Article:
BEIRUT Syria said its troops destroyed an Israeli vehicle that crossed into its territory from the Israeli-occupied Golan Heights on Tuesday and warned that any attempt to violate its sovereignty would meet "immediate and firm retaliation".
Israel said the incident took place on its side of the Golan ceasefire line, that the vehicle was damaged but not destroyed, none of its soldiers were hurt and they returned fire.
The clash highlighted the potential for renewed conflict along a frontline that has become increasingly fraught after nearly four decades of calm overseen by Syrian President Bashar al-Assad and his father.
It also followed Israeli airstrikes near Damascus against suspected missile stockpiles two weeks ago, after which Syria threatened to retaliate.
Assad is battling a two-year-old uprising in which rebel forces, including radical Islamists, have taken swathes of rural territory and attacked army posts near the Golan frontier.
There are frequent reports of cross-border gunfire from Syria during clashes between army and rebel forces but Tuesday's incident was the first time since the start of the crisis that Syria's armed forces said they targeted Israel's military.
"Our noble armed forces destroyed an Israeli vehicle ... which entered from the occupied territories and crossed the ceasefire line," Syria's military leadership said in a statement broadcast on state media. The incident occurred at 1:10 am (2210 GMT, Monday), it said.
Shortly afterwards, Israeli forces fired two rockets towards a Syrian position, without causing any casualties, Syria said.
The Israeli military's chief of staff, Lieutenant-General Benny Gantz, said the Israeli army vehicle had been patrolling on the Israeli side of a border fence when it came under repeated fire.
"They fire on it once. They fire on it twice. They fire on it a third time, from a clear Syrian position," he said in a speech. "One time, okay. Two times, okay. Three times, too many. The position was destroyed."
Defence Minister Moshe Yaalon said: "Our policy on Syria is clear: We are not intervening there, of course, in the civil war ... But as for the situation in the Golan Heights, we are not allowing and we will not permit a spillover of fire into our territory."
Tension in the Golan Heights region has been fuelled by the fighting on the Syrian side and several recent abductions by rebel fighters of U.N. peacekeepers, who have monitored a narrow zone of separation between Syrian and Israeli troops since 1974.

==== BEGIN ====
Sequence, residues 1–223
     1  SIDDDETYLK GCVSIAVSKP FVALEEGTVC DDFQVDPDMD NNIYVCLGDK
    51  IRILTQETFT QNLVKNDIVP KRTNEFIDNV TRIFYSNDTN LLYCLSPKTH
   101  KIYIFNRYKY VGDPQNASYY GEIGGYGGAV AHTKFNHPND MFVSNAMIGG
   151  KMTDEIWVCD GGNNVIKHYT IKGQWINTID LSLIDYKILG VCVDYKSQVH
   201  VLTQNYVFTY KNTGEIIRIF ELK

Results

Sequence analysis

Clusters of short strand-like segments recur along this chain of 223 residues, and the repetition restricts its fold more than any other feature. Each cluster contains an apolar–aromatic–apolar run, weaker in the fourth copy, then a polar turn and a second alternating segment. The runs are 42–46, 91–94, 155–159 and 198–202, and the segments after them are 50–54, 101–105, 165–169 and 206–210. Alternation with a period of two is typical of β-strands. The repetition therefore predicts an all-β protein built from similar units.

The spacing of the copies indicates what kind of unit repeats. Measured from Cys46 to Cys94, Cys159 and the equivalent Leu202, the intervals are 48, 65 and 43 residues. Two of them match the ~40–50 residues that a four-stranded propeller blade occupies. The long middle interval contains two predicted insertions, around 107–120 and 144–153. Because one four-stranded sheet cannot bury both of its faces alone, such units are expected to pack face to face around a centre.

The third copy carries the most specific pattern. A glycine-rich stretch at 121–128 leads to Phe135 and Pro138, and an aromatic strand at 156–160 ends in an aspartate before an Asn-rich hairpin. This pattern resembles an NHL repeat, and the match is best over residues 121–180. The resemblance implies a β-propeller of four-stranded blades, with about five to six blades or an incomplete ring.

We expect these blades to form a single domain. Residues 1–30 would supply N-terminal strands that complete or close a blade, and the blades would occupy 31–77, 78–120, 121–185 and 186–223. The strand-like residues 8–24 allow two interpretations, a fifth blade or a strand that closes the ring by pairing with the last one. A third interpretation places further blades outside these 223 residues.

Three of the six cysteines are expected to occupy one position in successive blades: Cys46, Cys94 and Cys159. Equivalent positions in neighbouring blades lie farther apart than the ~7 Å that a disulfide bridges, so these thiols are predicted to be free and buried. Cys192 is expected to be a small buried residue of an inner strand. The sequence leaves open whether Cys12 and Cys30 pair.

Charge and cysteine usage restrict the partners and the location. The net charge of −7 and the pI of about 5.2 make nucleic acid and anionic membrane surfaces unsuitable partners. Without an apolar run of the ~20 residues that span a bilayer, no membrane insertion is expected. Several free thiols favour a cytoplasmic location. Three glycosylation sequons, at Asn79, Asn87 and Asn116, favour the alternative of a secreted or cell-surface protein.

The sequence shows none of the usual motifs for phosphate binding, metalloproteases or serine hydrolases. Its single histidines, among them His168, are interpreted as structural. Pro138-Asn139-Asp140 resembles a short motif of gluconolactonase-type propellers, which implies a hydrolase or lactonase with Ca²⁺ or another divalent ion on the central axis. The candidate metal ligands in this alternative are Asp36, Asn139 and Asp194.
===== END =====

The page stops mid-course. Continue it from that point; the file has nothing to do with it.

The abductions led the Philippines government to say it was considering withdrawing its troops from the UNDOF observer mission. Austria, the other main troop contributor, is concerned that French and British calls to drop an EU arms embargo on Syrian rebels would render its continued presence untenable.
Adding to the sense of alert, the militant Popular Front for the Liberation of Palestine said two weeks ago it was forming combat units to try to recapture the Golan, after Assad and Lebanon's Hezbollah said they would support such operations.
The announcement followed Israel's air strikes near Damascus against suspected missiles stocks destined for Hezbollah, which fought a 34-day war with Israel in 2006.
Syria's Foreign Ministry sent a written complaint to the United Nations on Tuesday, saying Israel's actions violated the United Nations charter and a 1974 military disengagement agreement between the two foes.
Syria's military command said the incident showed that Israel was supporting the anti-Assad rebels and aimed "to raise their morale which collapsed after the tough blows struck by our noble armed forces ... especially in Qusair."
Syria's army, backed by Hezbollah, has launched an offensive to capture the central town of Qusair, which has been in rebel hands for most of the two-year uprising which has now killed more than 80,000 people, according to the United Nations.
"The blatant Zionist aggression confirms that any violation, or attempted violation of the country's sovereignty will be met with immediate and firm retaliation," the Syrian army said.
(Additional reporting by Allyn Fisher-Ilan and Jeffrey Heller in Jerusalem; Editing by Robin Pomeroy)